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The Council of the European Union has published a compromise text on medical device regulation, three years after the Commission first proposed reworking the legislation. Making the breakthrough has set the stage for a discussion of the draft at the Employment, Social Policy, Health and Consumer Affairs Council (EPSCO) meeting this week.

Officials at the European Commission proposed changing the medical device regulations in 2012 to standardize approaches across the region, only to see the initiative to get stuck at the Council. After four presidencies tried and failed to advance the process, Latvia has reached a compromise in the form of a 676-page document. Health ministers will discuss the draft this week, after which it may advance to a trilogue in which the Council, Commission and Parliament will try to agree upon a final text.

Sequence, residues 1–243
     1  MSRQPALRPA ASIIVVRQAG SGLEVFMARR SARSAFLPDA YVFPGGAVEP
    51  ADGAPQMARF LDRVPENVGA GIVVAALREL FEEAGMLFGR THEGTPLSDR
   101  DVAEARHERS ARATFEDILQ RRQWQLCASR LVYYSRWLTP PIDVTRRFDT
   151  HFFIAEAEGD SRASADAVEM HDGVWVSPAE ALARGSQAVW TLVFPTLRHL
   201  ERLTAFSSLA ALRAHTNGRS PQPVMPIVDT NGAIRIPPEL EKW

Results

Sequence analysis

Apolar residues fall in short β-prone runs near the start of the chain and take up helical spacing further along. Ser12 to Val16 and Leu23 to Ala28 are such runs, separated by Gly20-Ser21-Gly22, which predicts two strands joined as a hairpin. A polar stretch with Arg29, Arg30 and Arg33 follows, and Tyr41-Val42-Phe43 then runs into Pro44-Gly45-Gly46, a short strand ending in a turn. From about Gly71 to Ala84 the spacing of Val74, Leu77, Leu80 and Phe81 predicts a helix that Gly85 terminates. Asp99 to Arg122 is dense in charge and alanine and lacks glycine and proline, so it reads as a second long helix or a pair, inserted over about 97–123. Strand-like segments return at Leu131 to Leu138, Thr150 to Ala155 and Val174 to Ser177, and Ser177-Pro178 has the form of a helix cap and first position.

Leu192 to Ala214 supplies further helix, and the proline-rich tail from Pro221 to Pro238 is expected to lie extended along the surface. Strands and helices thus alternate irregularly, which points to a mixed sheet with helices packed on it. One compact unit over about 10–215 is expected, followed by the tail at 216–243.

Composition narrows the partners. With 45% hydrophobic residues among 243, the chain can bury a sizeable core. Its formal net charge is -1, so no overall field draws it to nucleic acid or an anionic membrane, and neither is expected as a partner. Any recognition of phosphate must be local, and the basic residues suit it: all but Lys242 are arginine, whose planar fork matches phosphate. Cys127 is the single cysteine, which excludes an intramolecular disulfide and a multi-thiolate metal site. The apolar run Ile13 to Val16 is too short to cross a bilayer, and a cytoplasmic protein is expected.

The preliminary nature of the draft and range of interpretations that can be applied to some sections mean many questions remain unanswered. Lawyer Erik Vollebregt has a detailed analysis of what he sees as the standout points in the text on his MedicalDevicesLegal blog. Both Vollebregt and Politico pick out the draft’s stance on the reprocessing of medical devices as a hot topic. The draft allows for reprocessing to take place when permitted by national laws, a stipulation that represents a backing away from the commission’s initial ambition to harmonize standards across Europe.

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